Juke Girl

  • 1942
  • Movie
  • NR
  • Crime

Reagan and Sheridan had just come off the superb KINGS ROW and went from the sublime to the ridiculous with this one. Lots of action and a terrific acting job by Sheridan who almost, but not quite, takes this turkey out of the oven. Reagan and Whorf (who was so good as Sam Harris in YANKEE DOODLE DANDY before becoming an excellent film and TV director)...read more

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Reagan and Sheridan had just come off the superb KINGS ROW and went from the sublime to the ridiculous with this one. Lots of action and a terrific acting job by Sheridan who almost, but not quite, takes this turkey out of the oven. Reagan and Whorf (who was so good as Sam Harris in YANKEE

DOODLE DANDY before becoming an excellent film and TV director) are Florida drifters who toil in the tomato fields. Lockhart owns the packing plant and is embroiled in a battle with Tobias who owns a small farm. Reagan sides with the growers, Whorf takes up the cudgel of the packers, and their

friendship falls apart at the seams. Sheridan is the hostess in a juke joint. She loves Reagan and aids him, but gets fired for her efforts. Reagan and Sheridan help Tobias sell his crop for better money to another buyer, and, when Tobias is murdered, they are framed for the killing which was

actually done by Lockhart. Just before Reagan and Sheridan are the guests of honor at a necktie party, Whorf saves the day by getting Lockhart to come clean, and the film ends happily. It was shot, of course, in California, and the nights were freezing, so all the actors had to rub glycerine and

other goop on their faces to simulate perspiration. The air was so frigid that the actors were all asked to smoke cigarettes in order to justify the vapor that came from their mouths. There is one huge fight scene with management scabs wrecking tons of tomatoes owned by independent farmers who had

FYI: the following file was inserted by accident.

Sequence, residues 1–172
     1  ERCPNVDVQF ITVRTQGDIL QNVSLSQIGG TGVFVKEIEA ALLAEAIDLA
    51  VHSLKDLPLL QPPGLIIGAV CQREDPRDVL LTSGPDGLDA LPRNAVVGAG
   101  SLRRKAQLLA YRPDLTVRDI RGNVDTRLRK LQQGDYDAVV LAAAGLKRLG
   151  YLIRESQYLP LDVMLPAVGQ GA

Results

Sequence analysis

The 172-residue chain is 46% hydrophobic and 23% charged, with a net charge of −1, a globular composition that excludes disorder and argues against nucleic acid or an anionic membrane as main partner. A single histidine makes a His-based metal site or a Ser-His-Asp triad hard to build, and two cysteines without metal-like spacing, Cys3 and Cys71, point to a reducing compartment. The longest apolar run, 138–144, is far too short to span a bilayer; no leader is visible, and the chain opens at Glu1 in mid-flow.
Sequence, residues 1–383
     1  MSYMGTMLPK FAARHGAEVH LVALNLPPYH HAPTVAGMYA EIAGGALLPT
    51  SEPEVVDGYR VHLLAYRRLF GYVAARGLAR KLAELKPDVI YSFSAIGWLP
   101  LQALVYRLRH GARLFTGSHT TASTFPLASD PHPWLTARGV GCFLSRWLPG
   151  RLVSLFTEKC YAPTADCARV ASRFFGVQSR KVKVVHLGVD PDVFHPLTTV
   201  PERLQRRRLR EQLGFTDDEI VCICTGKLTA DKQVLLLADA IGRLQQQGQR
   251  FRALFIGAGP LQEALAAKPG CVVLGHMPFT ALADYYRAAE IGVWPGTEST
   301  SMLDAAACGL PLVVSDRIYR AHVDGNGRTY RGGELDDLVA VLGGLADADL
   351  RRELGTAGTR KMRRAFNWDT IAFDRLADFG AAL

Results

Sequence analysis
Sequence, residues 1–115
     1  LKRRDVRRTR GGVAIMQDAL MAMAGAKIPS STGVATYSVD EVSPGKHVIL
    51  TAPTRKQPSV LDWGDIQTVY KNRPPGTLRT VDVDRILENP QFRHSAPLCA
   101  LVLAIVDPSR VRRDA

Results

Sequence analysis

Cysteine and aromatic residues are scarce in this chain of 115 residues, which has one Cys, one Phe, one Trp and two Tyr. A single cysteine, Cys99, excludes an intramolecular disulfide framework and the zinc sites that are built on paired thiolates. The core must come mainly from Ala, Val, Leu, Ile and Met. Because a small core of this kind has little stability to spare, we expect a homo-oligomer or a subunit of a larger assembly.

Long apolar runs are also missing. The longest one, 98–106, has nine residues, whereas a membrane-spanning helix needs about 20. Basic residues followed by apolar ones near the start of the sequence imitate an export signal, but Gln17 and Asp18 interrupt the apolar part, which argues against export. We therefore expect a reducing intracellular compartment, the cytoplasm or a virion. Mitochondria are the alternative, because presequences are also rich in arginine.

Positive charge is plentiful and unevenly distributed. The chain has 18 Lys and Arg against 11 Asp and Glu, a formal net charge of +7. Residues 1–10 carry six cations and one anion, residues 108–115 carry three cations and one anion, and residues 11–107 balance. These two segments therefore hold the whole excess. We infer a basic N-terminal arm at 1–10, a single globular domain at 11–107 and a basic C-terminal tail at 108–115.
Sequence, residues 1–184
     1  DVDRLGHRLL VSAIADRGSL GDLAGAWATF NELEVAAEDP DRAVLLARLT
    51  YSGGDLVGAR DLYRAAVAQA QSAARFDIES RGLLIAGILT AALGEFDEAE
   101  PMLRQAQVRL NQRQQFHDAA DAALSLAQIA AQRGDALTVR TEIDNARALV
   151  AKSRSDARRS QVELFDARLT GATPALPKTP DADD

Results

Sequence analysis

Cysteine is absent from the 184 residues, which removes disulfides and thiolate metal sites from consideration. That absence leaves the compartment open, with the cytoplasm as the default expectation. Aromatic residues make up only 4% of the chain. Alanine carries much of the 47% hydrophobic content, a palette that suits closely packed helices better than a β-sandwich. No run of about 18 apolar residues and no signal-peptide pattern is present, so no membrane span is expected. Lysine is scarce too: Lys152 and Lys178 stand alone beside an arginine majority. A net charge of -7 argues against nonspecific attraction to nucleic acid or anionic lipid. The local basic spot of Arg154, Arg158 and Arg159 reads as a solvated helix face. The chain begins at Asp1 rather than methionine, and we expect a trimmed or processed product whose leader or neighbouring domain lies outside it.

them waiting to be shipped to waiting markets. Tomatoes were smashed again and again as the crew went for the long shots and the various close-ups. By the end of the scene, the smell of tomatoes was darn near permanently soaked in everyone's skin. It's the Florida version of GRAPES OF WRATH but

nowhere near as good as that film. Alan Hale and Howard da Silva have small but telling roles. The title is a misnomer, and many in the audience thought they were coming to see a musical, not a melodrama. Jerry Wald and Jack Saper were the associate producers, which means, in essence, they did the

"line" producing. Wallis was usually busy with more important 1942 films like CASABLANCA; AIR FORCE; and WATCH ON THE RHINE.

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  • Rating: NR
  • Review: Reagan and Sheridan had just come off the superb KINGS ROW and went from the sublime to the ridiculous with this one. Lots of action and a terrific acting job by Sheridan who almost, but not quite, takes this turkey out of the oven. Reagan and Whorf (who w… (more)

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